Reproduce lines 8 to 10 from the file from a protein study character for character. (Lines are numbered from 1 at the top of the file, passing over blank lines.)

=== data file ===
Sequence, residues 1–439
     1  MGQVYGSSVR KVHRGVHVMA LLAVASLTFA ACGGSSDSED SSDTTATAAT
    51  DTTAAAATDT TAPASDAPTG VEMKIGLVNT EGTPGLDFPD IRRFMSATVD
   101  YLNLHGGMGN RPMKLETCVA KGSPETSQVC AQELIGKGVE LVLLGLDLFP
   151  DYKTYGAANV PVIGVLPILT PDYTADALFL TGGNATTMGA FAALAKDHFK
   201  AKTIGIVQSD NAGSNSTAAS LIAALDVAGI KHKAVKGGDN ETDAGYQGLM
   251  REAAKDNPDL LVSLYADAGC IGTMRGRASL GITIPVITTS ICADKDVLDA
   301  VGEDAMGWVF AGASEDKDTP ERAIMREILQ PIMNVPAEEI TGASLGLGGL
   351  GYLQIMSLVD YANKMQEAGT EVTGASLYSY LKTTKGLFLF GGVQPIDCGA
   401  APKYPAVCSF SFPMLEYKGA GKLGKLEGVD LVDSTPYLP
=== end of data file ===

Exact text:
   301  VGEDAMGWVF AGASEDKDTP ERAIMREILQ PIMNVPAEEI TGASLGLGGL
   351  GYLQIMSLVD YANKMQEAGT EVTGASLYSY LKTTKGLFLF GGVQPIDCGA
   401  APKYPAVCSF SFPMLEYKGA GKLGKLEGVD LVDSTPYLP